Huerta received an honorary degree from Princeton University in May 2006 and is an honorary chair of Democratic Socialists of America. She is also the president of the Dolores Huerta foundation, a “non-profit organization whose mission is to build active communities working for fair and equal access to health care, housing, education, jobs, civic participation and economic resources for disadvantaged communities with an emphasis on women and youth.” This summer Dolores will be honored by President Barack Obama by being featured in the Smithsonian’s National Portrait Gallery as part of its “One Life” series. She’s the first Latina and the second living person honored in the 11th installment of the Portrait Gallery’s series.
Judicial System & Education
Born: November 2, 1954 Texas, USA
Third-generation Mexican-American Norma V. Cantú shot to national prominence during the eight years that she was assistant secretary of education for civil rights in the Clinton administration. There she led a staff of approximately 850, implementing government policy for civil rights in American education. During her first two years in that capacity, that office was able to increase the resolution of illegal discrimination cases by 20 percent.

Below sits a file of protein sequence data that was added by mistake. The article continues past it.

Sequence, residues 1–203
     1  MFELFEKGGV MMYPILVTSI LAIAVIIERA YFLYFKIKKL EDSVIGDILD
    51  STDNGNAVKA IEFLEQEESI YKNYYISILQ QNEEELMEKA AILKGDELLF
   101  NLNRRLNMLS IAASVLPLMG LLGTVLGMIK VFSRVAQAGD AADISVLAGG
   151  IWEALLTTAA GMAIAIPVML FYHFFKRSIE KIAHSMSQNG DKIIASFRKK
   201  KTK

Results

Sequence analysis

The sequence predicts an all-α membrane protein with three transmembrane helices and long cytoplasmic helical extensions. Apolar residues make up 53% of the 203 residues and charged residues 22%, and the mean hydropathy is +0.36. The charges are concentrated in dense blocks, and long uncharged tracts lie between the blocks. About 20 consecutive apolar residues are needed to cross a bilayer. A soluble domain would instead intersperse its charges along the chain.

Before joining the administration, Cantó had spent 14 years as regional counsel and education director of the Mexican American Legal Defense and Educational Fund (MAIDEF) where she litigated cases affecting education funding, disability rights, student disciplinary policies, access to special services for English language learners and racially hostile environ-ments. She started her education career as an English teacher in Browns-ville, Texas, in 1974.
Currently, Cantó serves a joint appointment to the education and law schools at the University of Texas-Austin. For her, it is a coming home of sorts. She graduated summa cum laude from the University of Texas-Pan American at age 19, taught high school English, enrolled at Harvard Law School, graduated at age 22 and went to work with the Nursing Home Task Force of the Texas Attorney General’s office.
Born: July 15, 1952 Havana, Cuba